There is Eva Potter Morgan’s recipe for baked beans, handed down from her mother. Morgan’s father started Potter Art Metal Studios in their backyard on Vickery. And there are Grace’s buttermilk biscuits (the thin crispy kind) from Jamesene Temple Wallace. Her mom and dad, Jim and Grace Temple, moved to Goodwin in 1940.

“It’s a history book as well as a cookbook,” Harris says.

The 112-page book, “Recipes and Recollections: Vickery Place Cooking Since 1911,” features historical photos of the neighborhood, as well as snippets about the neighborhood and cooking from old Dallas Morning News articles and ads. There are new recipes, old recipes, neighborhood potluck favorites and 15 recipes from neighborhood restaurants.

The books sell for $11 at Downing Hill, Jimmy’s Food Store, Fish City Grill on Henderson, and on the Vickery Place website.

Proceeds from the book go to the Vickery Place Neighborhood Association and the Senior Pet Assistance Network.

“This wasn’t intended to be a big fundraiser, but it was our way of giving back to the neighborhood in the form of a keepsake,” Harris says.

• Find the book at Downing Hill Garden Studio, 3016 Greenville; Jimmy’s Food Store, 4901 Bryan; Fish City Grill, 2323 North Henderson.

Millions from One

For every leather bracelets sold, $5 goes toward drilling a well through the nonprofit Millions from One.

For every leather bracelets sold, $5 goes toward drilling a well through the nonprofit Millions from One.

Matt Delzell of the M Streets needs to sell 1 billion bracelets.

That’s how many Yield Clothing Co. bracelets it will take to reach his goal of drilling 1 million water wells through the nonprofit he founded in 2009, Millions from One.

We take it for granted that water is unlimited and cheap.

“For a large part of the world, that’s a foreign concept,” Delzell says.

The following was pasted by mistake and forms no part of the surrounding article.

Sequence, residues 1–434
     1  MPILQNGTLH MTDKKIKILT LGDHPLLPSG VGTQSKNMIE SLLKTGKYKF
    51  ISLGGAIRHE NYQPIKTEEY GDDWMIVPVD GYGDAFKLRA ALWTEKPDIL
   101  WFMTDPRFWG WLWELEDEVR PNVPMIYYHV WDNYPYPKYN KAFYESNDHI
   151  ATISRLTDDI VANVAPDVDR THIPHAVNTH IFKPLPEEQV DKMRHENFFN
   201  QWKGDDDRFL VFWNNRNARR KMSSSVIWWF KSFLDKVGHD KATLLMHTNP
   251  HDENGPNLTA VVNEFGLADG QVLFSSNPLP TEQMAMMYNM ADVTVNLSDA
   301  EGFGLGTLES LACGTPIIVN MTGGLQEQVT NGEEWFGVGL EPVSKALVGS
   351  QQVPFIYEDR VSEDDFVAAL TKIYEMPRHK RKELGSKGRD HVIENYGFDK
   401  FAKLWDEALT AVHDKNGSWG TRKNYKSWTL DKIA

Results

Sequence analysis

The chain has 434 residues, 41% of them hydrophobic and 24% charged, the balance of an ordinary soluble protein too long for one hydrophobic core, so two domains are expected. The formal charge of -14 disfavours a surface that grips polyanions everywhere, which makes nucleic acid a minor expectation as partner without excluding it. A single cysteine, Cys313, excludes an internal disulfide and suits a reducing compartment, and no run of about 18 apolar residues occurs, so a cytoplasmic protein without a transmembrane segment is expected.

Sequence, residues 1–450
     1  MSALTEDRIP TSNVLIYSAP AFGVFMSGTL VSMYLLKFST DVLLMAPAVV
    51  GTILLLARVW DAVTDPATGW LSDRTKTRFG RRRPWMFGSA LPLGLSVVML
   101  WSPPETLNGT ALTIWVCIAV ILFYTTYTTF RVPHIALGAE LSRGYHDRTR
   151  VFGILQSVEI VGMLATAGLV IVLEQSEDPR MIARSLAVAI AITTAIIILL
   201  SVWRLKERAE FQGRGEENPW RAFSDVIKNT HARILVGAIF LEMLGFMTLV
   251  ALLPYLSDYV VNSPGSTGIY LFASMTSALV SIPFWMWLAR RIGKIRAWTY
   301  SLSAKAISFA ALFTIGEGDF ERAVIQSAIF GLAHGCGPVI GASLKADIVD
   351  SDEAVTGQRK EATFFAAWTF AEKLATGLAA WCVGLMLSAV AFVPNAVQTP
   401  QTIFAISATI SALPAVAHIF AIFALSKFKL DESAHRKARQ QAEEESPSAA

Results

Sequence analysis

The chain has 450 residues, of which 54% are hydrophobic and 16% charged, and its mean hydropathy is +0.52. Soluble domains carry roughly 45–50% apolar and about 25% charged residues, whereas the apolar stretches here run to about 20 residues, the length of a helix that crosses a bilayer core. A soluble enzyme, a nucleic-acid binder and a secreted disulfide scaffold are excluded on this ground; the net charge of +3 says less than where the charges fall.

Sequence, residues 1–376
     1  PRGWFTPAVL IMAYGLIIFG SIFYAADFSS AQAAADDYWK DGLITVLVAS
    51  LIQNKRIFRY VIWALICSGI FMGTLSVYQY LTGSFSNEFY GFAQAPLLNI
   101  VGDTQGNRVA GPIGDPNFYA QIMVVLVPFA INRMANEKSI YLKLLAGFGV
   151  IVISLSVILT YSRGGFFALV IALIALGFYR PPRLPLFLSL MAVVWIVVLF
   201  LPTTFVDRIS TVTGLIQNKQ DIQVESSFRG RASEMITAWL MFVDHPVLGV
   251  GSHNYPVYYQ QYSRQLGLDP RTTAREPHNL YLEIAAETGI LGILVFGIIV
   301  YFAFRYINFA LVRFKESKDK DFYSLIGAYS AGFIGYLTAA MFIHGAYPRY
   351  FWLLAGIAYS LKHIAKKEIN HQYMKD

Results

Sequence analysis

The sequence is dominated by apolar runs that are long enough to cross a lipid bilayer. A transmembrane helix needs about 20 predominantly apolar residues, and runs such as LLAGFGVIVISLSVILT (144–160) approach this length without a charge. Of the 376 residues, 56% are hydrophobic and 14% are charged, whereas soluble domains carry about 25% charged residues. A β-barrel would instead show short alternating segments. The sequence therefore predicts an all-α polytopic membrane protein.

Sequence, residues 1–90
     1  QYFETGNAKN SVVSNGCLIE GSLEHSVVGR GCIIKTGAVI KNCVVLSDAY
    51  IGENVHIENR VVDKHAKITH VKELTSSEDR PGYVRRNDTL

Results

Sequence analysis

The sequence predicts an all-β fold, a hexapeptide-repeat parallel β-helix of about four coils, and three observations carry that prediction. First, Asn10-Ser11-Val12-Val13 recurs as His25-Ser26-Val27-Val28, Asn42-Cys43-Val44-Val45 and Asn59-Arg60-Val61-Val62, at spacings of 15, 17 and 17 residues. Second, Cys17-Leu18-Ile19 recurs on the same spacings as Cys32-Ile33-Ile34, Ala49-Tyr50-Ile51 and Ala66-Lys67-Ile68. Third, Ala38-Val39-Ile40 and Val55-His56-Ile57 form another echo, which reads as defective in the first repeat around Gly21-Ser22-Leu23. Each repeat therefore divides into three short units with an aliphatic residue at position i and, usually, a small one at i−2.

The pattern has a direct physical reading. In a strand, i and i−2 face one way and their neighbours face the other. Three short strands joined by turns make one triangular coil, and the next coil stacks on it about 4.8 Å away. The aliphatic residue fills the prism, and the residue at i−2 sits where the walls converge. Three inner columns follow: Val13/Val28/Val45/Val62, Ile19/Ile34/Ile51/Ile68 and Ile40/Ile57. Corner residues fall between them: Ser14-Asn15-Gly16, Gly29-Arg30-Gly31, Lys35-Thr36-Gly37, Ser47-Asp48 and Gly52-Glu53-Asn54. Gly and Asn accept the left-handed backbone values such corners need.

Millions from One has drilled 10 wells in developing countries, including India, Peru, Liberia, Uganda and Sierra Leone. The leather bracelets cost $10, and for every one sold, $5 goes toward drilling a well. It takes about 1,000 bracelets to drill one well.

Delzell is a group account coordinator for the Marketing Arm, and he negotiates celebrity endorsement deals for a living. So he has connections. Joel McHale of “The Soup” and “Community,” Olympic gymnast Nastia Liukin and former NBA star Scottie Pippen have worn the bracelets.

“It’s easy and inexpensive to save people’s lives,” Delzell says. “When people realize they can spend $10 on this bracelet, and their money goes so far, it’s an easy sell.”

Buy a Millions from One bracelet at millionsfromone.com.

More gifts header

Caren Original’s lip balm, lotion, soaps and other products are made in the United States, and a portion of their profits are donated to Breast Cancer Alliance and other good causes. Prices range from $2.50-$18.50. Walton’s Garden Center, 
8652 Garland Road, 214.321.2387.

Sir Elton John’s Holiday Candle by Nest smells like evergreen and citrus. It costs $40, and a portion of the proceeds to go Elton John’s AIDS Foundation. Tallulah Belle, 2011 Abrams, 214.821.1927.

• These adorable horse ornaments cost $6, and a portion of the proceeds goes to Return to Freedom, a wild horse sanctuary in California. The T Shop, 1911 Abrams Parkway, Suite 109, 214.821.8314.